The point being made is how recently the Germany of today – the Germany on the placard, and the one unification created in 1990 – came into existence. The boundaries of today’s Germany are less than a quarter of a century old, the result of the merging of the German Democratic Republic with the German Federal Republic in 1990.
Model of Strasbourg cathedral clock
How this new Germany echoes and recalls older forms of Germany is the story told by the exhibition. It is a story of shifting borders and jigsaw pieces of German history, some of which are found in cities which are no longer German. Take, for example, Strasbourg, now a French border city, but for centuries a centre of German culture and industry. In the cathedral there, Goethe thought he had found the essence of German art and history. The exhibition illustrates the city’s key place in German history with a model of the cathedral clock, made in 1574. As well as dials to show the time, the clock strikes the hours and the quarters. On the hour, figures emerge on a revolving dais – first Death to strikes the hour, then the figure of Christ appears to banish Death. It’s a remarkable piece of intricate engineering.
Kathe Kollwitz, Self-Portrait, 1904
Next, a reminder that Königsberg, once home to Immanuel Kant and later to the German painter and printmaker Käthe Kollwitz, is now Kaliningrad, a Russian city. Here is one of Kathe Kollwitz’s intense, searching self-portrait, this one from 1904. Kollwitz was born in Konigsberg when it was a Prussian city. By 1945 her home town had been destroyed by Allied bombing and, renamed Kalingrad, was under Soviet control. (For more about Kathe Kollwitz, see ‘Käthe Kollwitz, a Berlin story‘ on the British Museum blog.)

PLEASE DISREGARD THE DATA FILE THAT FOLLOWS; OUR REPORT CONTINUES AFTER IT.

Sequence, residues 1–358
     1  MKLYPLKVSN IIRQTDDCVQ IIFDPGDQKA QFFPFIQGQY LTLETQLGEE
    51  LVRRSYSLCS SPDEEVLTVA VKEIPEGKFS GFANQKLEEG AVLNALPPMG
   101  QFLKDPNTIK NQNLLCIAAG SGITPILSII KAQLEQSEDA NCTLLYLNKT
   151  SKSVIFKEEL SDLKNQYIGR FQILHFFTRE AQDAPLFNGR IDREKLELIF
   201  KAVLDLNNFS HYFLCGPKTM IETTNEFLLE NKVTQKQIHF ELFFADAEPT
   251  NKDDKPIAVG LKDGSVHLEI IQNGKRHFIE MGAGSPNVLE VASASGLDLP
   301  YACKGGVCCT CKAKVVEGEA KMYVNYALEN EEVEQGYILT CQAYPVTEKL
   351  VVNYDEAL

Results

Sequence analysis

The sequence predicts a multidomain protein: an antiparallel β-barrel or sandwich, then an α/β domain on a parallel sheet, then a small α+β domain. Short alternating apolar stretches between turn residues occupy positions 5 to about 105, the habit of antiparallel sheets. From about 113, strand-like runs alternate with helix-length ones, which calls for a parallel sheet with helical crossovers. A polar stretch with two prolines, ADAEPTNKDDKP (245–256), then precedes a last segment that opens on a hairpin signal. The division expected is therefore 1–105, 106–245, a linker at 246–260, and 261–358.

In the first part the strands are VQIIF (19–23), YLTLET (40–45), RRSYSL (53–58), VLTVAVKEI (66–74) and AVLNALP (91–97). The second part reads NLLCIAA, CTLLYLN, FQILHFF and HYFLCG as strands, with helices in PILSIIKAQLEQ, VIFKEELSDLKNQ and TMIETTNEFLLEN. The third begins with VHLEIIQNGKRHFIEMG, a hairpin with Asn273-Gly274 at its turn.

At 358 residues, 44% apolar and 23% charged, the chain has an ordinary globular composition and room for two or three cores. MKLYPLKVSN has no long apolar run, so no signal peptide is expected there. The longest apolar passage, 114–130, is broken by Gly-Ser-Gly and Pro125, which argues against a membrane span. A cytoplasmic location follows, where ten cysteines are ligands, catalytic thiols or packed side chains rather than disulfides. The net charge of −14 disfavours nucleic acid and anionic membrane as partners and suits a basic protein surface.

In this opening section of the exhibition, the theme is ‘Floating Frontiers’; the aim is to show how the geographic home of the German-speaking peoples has fluctuated widely, from an enormous swathe of princely states, loosely united within the Holy Roman Empire, then smashed apart by Napoleon, and then re-forged under Prussian leadership.
Franz Kafka: woodcut by Hans Fronius, 1937
A superb woodcut of Franz Kafka is here to remind us that the Czech city of Prague was once home to a large German-speaking community, which included Kafka, one of the most acclaimed writers in the German language. Today, however, neither Russian-speaking Kaliningrad nor Czech-speaking Prague are in any sense German.
Holbein, Portrait of Erasmus of Rotterdam, 1523
Nearby is this portrait of Erasmus, painted by Holbein in 1523 while he was based in the university at Basel. Throughout the medieval period Basel was a thoroughly German city – one of the first centres of the German printing industry. Its university attracted renowned scholars such as Erasmus. In 1501, however, Basel elected to become part of Switzerland.
Holbein, Lady with Squirrel and Starling, 1526
Holbein appears again with this portrait painted during his first visit to England in 1526. His career – and the painting – both reflect the extent of German-speaking cultural and commercial links across Europe at the time. The lady is English, her squirrel is German, and she wears Russian-cut furs that would have come to England through a Hanseatic League merchant operating in the Steelyard, the main trading base of the Hanseatic League in London, located on the north bank of the Thames roughly where Cannon Street station now stands. As this article from History Today suggests, the Hanseatic League was effectively the first Common Market. Holbein went on to paint portraits of several prominent members of the Steelyard community
Casper David Friedrich, Der Mittag (Noon), 1821